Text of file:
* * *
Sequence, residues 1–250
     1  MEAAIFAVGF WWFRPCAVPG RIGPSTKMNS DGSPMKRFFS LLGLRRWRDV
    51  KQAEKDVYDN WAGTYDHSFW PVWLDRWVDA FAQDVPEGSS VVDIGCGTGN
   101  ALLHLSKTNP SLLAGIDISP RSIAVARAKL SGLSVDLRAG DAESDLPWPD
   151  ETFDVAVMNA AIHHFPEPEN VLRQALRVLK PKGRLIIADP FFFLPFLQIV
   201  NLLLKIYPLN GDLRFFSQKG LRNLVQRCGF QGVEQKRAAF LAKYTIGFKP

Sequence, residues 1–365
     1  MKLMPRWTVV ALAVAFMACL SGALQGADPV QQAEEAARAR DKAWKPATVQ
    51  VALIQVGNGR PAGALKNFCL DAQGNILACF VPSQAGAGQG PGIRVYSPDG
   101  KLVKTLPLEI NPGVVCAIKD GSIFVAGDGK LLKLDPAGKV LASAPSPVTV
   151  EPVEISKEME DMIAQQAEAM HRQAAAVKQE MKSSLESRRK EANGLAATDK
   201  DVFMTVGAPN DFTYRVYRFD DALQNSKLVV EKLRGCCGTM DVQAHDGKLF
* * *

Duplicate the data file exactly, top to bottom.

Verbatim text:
Sequence, residues 1–250
     1  MEAAIFAVGF WWFRPCAVPG RIGPSTKMNS DGSPMKRFFS LLGLRRWRDV
    51  KQAEKDVYDN WAGTYDHSFW PVWLDRWVDA FAQDVPEGSS VVDIGCGTGN
   101  ALLHLSKTNP SLLAGIDISP RSIAVARAKL SGLSVDLRAG DAESDLPWPD
   151  ETFDVAVMNA AIHHFPEPEN VLRQALRVLK PKGRLIIADP FFFLPFLQIV
   201  NLLLKIYPLN GDLRFFSQKG LRNLVQRCGF QGVEQKRAAF LAKYTIGFKP

Sequence, residues 1–365
     1  MKLMPRWTVV ALAVAFMACL SGALQGADPV QQAEEAARAR DKAWKPATVQ
    51  VALIQVGNGR PAGALKNFCL DAQGNILACF VPSQAGAGQG PGIRVYSPDG
   101  KLVKTLPLEI NPGVVCAIKD GSIFVAGDGK LLKLDPAGKV LASAPSPVTV
   151  EPVEISKEME DMIAQQAEAM HRQAAAVKQE MKSSLESRRK EANGLAATDK
   201  DVFMTVGAPN DFTYRVYRFD DALQNSKLVV EKLRGCCGTM DVQAHDGKLF